Friday, January 16, 2015

WHAT IS EVIL? Some Christians exporting bigotry and hate

Look at the rainbow that appeared during Westboro Baptist Church protest of a pro Christian LGBT (and friends/family) event held in Portland Oregon.


1300 attendees (Growth rate now almost 100 % per year)

Below is a map of where the "Being gay is a choice" wackos have set up resources for LGBT's to "pray the gay away." Places where ministers have "parked their brain at the door" and skewed scripture to match their hate and bigotry.

Yet despite having the backing of heavy hitters like Liberty University (Falwell) and famous authors - their "ministry" (used very loosely) is shrinking into nothing here in the U.S. There are 17 states (including Pa) where there are no resources (see below... the pin that looks like it is in Pa is actually in Binghamton, NY).

DO YOU WANT TO KNOW WHAT EVIL IS?  Since America has become wise and compassionate to the LGBT issue... some "nutjob" missionaries are taking their hate abroad. These people are pushing harsh anti-gay laws in Russia and Africa where less education is correlated with ignorance and bigotry. People are being unfairly imprisoned and even hung because of the vitriol that these "Jesus loving" Christians are spewing. 

Sadly, fundamentalist Muslims haven't cornered the market. The inaccurate and hate-filled messages certain Christians are exporting is a form of terrorism (they might as well tie the noose themselves). 

DO YOU WHY MANY MINISTERS (INCLUDING SOME IN NE PA) WERE AGAINST HATE LAWS?  Because they didn't want their "right" to hate gays taken away. Nice. Real nice. WHO DO YOU THINK IS FUNDING WESTBORO BAPTIST CHURCH? Hindus?

From attendee at event in Portland (LGBT and friends/family event)   I attended the Gay Christian Network's (GCN) 11th conference in Portland, Oregon at the end of last week. There were 1300 registered attendees, perhaps 1500 people attending in total, from 46 states and 11 countries. I came to learn about their communication strategies, their pastoral work, and their education efforts, and to network in my role as Director of Communications and Board member of IntegrityUSA. Matt Haines, President of the Board of Directors for IntegrityUSA, attended with me. I also attended with my heart and mind opened by the Episcopal Church and by my heavy participation at All Saints Pasadena.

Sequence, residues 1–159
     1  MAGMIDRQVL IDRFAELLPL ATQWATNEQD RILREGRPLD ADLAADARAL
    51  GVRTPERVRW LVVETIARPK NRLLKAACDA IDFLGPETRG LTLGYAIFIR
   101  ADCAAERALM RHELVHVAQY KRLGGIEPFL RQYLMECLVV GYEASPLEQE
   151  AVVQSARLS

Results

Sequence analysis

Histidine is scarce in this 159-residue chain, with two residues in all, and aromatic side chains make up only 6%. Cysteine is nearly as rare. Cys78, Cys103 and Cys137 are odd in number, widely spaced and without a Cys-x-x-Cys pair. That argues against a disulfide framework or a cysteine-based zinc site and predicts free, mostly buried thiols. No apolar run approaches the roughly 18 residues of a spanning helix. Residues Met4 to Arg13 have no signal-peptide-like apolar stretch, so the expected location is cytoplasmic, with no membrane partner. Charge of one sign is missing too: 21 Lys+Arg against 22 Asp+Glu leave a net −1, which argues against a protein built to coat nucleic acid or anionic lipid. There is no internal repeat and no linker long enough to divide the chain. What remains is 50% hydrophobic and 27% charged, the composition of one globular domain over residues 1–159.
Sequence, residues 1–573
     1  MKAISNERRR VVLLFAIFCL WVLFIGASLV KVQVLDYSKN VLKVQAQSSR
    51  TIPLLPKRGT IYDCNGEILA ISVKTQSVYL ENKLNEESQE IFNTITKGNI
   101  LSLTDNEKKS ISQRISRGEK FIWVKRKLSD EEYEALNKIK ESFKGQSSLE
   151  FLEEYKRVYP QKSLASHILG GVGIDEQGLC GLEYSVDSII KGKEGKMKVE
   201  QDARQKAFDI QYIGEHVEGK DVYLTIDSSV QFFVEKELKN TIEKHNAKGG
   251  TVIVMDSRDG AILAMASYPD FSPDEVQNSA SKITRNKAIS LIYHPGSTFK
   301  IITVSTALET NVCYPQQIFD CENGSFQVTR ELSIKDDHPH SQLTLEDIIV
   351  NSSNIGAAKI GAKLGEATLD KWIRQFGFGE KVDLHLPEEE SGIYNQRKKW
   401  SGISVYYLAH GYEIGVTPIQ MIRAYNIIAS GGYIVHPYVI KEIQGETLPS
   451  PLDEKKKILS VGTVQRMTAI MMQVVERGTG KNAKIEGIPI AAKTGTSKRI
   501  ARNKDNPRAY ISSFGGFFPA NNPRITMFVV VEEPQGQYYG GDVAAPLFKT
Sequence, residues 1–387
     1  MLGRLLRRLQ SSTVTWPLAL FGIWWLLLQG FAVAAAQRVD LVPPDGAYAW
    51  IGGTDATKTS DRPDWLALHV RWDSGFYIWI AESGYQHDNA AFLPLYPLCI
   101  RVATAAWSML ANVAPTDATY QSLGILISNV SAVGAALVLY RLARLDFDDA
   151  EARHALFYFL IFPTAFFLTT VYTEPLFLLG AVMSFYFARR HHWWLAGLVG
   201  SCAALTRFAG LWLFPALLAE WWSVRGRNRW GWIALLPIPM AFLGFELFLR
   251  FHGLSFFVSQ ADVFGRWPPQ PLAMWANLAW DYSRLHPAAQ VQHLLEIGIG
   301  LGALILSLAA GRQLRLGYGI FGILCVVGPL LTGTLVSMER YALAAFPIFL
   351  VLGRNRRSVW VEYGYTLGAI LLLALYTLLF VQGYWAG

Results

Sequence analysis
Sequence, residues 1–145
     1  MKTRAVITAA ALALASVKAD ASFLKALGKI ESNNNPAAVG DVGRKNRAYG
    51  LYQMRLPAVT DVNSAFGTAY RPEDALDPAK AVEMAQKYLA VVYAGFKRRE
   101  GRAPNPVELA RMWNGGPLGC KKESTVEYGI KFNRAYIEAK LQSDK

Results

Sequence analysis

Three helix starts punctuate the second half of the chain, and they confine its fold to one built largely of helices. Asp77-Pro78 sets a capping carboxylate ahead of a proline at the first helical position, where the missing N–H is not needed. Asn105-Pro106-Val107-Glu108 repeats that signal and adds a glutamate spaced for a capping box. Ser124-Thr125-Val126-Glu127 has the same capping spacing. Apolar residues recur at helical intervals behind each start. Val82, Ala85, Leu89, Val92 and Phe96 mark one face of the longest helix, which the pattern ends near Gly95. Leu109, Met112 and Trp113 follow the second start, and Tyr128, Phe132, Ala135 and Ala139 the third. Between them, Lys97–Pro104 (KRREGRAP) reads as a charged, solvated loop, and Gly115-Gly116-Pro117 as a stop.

The conference began under Justin Lee to meet the needs of the evangelical community. When I say evangelical in this context, I am using the popular meaning. I consider myself a progressive evangelical which, to the media, would seem an oxymoron at best, a cognitively dissonant impossibility at worst. But that's what I consider myself to be, as many who attend All Saints Pasadena probably do as well.

The GCN attendance has expanded to attract mainline and Catholic attendees now. Though its prayers sessions have a Baptist or Pentacostal feel, the Sunday communion service was broad enough to offer grape juice as well as wine, and provided a Eucharist for those who prefer consubstantiation as well as transubstantiation.

And that's what made the conference so powerful to me. It was broad and inclusive and completely loving. Rachel Held Evans, a popular writer that I follow on Twitter, has tweeted "I don’t just look to #GCNConf for how to better engage LGBT issues. I look to #GCNConf for how to be a better Christian." This was exactly how many of us felt at the Portland Convention Center. We weren't learning and living and reconciling and sharing as LGBT-only people. We were the church community, all together, whether straight, gay, bi, trans, or questioning.

We were Christians first: Christians who were grappling to live out our calling and faith while living with the reality that we or people we loved are LGBT.